Even after the first half of the year, the domestic weather saga continued. Wet and cold gave way to record-setting heat and drought in the southern region. This had a twofold effect of obviating the need for both burndown herbicides for multiple crops post-harvest and cotton defoliant products, such as our Folex. In spite of this, we still generated a 3% increase in overall sales, with the addition of Brazil and our Assure II sales into Canada, International sales rose by 21% for the year, while domestic sales declined by 6% which was consistent with the performance of our larger peers.

Domestically, I believe that we performed as well as we possibly could have. Our sales team had positioned our products strategically, particularly in the Midwest, where channel inventory levels were low at the start of the season. Further, despite reduced corn acres, sales of our leading corn insecticide, Aztec, and our herbicide, Impact, increased year over year. Moving forward, in 2020, we expect to see increased demand for our products on many fronts, particularly in the United States market, which consume many of our higher-margin products.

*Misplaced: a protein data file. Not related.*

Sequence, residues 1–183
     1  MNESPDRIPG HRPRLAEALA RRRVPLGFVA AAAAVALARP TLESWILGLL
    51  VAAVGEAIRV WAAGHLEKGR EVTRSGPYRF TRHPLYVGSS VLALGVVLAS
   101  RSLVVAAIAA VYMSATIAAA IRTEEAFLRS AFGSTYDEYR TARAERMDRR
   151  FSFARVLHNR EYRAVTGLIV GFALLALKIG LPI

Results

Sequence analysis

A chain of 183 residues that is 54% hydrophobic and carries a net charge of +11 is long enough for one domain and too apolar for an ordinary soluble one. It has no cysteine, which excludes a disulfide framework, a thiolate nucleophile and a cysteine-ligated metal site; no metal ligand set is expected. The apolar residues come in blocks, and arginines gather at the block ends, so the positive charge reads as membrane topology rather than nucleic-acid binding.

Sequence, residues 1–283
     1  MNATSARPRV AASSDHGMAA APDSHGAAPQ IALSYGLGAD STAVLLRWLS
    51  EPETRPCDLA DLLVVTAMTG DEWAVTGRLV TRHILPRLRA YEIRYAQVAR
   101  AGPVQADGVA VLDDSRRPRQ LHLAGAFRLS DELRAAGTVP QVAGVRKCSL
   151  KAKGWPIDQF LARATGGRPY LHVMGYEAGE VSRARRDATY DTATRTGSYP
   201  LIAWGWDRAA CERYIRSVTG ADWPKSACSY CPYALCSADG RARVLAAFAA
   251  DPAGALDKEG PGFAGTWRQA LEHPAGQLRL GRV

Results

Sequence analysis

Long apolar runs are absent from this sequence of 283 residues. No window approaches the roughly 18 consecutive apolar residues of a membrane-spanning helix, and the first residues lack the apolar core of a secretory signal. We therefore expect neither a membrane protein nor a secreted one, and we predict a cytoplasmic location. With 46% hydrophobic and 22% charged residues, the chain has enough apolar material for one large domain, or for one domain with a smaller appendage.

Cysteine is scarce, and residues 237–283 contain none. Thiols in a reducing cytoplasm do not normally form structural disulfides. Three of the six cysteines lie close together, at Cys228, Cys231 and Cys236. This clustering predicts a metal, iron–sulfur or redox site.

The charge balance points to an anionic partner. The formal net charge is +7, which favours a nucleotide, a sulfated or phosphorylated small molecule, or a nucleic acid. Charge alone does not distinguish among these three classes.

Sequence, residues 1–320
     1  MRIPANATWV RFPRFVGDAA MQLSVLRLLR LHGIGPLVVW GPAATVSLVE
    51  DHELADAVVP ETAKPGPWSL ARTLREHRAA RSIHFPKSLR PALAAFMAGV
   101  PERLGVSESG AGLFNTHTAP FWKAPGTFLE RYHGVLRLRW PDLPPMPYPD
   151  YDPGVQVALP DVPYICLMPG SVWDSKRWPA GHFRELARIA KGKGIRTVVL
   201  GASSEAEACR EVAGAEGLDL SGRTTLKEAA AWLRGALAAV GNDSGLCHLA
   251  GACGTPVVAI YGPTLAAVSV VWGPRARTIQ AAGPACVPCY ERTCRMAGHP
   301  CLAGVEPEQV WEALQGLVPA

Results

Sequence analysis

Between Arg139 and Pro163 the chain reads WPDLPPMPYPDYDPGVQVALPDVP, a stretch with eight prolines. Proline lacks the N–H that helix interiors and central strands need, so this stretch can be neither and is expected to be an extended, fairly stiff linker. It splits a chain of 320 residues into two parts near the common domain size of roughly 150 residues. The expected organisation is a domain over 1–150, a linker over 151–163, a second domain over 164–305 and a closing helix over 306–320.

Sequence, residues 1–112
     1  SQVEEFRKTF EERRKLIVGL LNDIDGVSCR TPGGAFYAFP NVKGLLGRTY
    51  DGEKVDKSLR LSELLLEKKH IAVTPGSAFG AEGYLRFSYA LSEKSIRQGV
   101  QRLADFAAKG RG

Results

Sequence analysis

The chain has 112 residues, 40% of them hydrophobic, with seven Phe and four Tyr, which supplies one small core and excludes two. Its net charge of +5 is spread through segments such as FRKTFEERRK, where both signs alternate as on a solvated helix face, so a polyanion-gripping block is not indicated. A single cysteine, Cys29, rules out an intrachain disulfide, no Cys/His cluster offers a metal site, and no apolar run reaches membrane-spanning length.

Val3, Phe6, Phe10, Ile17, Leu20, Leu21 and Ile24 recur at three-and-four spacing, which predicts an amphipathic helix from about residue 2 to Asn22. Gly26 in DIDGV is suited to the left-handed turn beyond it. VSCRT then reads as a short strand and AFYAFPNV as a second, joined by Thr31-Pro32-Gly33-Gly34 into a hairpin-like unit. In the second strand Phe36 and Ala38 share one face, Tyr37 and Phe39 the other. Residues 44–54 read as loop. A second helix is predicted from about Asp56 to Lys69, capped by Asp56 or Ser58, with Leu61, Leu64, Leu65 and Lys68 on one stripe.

By some estimates, corn acres are forecasted to grow by as many as 10 million acres in the coming season. And the level of our domestic channel inventory at the start of 2020 is even lower than it was at the start of 2019. Further, we expect that our LATAM businesses will grow, will continue to a strong international performance as they continue to grow and mature. For the year 2020 then, assuming no material acquisitions, we are targeting net sales in the range of $505 million to $515 million; a gross margin of 38%; operating expenses in the range of $160 million to $165 million; interest expense of $5 million to $6 million; and a tax rate of 27% to 28%.

With that, I'll turn the call over to David. David?David T. JohnsonThank you, Eric. Good afternoon, everybody.